By Anne Krueger (*) - Argentina's President Mauricio Macri knew that he had inherited a sick economy when he took office in 2015, but failed to take his medicine. As a result, the country now has no choice but to face up to a period of painful structural adjustment.
A team from the International Monetary Fund met on Monday with opposition candidate Alberto Fernandez, the front-runner for October's presidential election, according to a spokesman for Fernandez.
Delegates from the International Monetary Fund (IMF) land in Buenos Aires Saturday as concerns about Argentina’s economy cast doubt upon the future of its record US$56 billion bailouts. The date of the trip was agreed with the Argentine central bank chairman, Guido Sandleris.
Argentina's new finance minister made stabilizing the country's battered currency his top priority on Tuesday, while still pledging to meet commitments made to the International Monetary Fund, which is sending a team to Buenos Aires.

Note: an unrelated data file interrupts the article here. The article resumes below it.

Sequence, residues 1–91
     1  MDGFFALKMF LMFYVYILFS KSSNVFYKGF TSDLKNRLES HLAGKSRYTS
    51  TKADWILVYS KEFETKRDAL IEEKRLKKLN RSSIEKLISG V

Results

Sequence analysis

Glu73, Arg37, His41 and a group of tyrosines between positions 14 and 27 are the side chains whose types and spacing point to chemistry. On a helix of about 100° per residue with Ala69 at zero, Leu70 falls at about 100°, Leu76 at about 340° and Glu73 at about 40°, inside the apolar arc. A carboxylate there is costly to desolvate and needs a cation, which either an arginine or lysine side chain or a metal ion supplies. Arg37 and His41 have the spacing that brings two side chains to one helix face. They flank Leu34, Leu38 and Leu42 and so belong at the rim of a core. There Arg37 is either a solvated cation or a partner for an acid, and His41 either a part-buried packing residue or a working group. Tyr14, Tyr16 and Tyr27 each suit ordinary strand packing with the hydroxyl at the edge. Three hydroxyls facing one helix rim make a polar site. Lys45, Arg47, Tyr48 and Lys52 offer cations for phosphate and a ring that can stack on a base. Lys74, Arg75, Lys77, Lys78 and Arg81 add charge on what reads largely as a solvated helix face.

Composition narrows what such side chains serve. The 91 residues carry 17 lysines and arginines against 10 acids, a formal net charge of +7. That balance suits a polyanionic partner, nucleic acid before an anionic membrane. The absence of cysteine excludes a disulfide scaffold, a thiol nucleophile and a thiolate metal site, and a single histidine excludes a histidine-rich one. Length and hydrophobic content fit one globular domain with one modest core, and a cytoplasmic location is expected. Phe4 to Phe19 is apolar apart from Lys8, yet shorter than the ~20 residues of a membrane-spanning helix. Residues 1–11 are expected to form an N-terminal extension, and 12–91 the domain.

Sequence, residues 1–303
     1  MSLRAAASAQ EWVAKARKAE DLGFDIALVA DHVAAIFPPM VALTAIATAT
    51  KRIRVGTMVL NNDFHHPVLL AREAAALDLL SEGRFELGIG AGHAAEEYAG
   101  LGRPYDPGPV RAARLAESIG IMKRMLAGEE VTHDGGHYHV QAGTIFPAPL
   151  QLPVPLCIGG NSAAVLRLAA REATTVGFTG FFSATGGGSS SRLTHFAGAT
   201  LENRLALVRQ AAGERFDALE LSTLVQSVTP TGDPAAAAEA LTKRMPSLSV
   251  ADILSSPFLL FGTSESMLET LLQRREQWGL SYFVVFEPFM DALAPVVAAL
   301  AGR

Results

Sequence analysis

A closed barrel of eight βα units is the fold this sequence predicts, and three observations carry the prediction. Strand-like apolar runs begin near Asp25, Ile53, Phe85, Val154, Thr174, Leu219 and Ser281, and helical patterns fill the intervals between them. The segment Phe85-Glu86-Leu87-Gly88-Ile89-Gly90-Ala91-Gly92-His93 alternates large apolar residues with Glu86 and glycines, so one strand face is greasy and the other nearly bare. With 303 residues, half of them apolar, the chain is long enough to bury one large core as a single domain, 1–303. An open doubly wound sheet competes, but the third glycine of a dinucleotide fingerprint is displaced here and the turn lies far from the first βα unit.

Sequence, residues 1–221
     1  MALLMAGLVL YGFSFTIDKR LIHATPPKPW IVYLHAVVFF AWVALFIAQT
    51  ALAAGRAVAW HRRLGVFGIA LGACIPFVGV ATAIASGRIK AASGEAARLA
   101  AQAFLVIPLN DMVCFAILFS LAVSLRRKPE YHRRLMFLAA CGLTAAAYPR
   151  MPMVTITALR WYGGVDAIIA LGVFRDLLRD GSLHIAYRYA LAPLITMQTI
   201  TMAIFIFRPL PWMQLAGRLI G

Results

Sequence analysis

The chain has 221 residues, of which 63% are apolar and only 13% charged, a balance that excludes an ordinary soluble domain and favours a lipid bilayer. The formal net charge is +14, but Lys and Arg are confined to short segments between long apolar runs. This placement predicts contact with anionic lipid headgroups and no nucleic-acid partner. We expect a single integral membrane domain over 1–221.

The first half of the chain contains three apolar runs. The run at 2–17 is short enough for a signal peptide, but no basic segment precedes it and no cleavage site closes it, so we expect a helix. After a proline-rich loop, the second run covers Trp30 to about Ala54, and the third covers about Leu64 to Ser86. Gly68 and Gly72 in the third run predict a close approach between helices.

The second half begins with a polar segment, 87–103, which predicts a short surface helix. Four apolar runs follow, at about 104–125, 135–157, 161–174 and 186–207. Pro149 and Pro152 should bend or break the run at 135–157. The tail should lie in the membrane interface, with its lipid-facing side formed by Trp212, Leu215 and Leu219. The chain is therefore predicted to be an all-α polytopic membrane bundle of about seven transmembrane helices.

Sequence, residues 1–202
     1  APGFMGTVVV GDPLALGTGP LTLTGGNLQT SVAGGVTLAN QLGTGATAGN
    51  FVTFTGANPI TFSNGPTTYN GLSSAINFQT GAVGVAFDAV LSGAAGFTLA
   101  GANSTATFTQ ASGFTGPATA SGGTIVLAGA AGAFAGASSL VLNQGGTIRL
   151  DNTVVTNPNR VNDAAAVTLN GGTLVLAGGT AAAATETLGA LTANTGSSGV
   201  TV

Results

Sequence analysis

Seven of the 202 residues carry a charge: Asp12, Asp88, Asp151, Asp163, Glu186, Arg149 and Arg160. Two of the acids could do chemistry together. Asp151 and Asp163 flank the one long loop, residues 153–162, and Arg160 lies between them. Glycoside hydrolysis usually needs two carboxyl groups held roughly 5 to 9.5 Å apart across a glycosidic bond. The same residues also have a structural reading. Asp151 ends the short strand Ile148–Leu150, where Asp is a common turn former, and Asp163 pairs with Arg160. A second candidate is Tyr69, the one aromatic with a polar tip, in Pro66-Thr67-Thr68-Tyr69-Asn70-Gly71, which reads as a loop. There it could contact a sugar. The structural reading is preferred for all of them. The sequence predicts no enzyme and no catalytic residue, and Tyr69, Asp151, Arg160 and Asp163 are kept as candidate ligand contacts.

Argentine President Mauricio Macri on Wednesday unveiled a package of welfare subsidies and tax cuts for lower-income workers to lessen the impact of an economic crisis just months before a re-election bid, but his announcement did not halt the peso currency's collapse.
Alberto Fernandez, the main challenger to incumbent President Mauricio Macri in October elections, said on Thursday that if elected he would seek to “rework” Argentina’s huge financing deal with the International Monetary Fund, calling it “harmful.”
The IMF through its spokesperson at its daily press meeting confirmed that Managing Director Christine Lagarde and her deputy David Lipton effectively met with Argentine president Mauricio Macri, and Economy minister, Nicolás Dujovne at the G20 summit in Osaka, Japan.
Argentina’s Foreign Minister spoke at a conference in Chatham House about the political and economic changes happening in Latin America.
President Mauricio Macri said on Monday that Argentina was close to a deal with the International Monetary Fund to bolster a US$ 50 billion credit line, while a government source said US$ 3-US$ 5 billion in additional funds could be announced this week.
Argentine president Mauricio Macri said on Tuesday in New York addressing a meeting with potential investors that he was prepared to run for reelection next year, and that there will be no change of course, there is no plan B.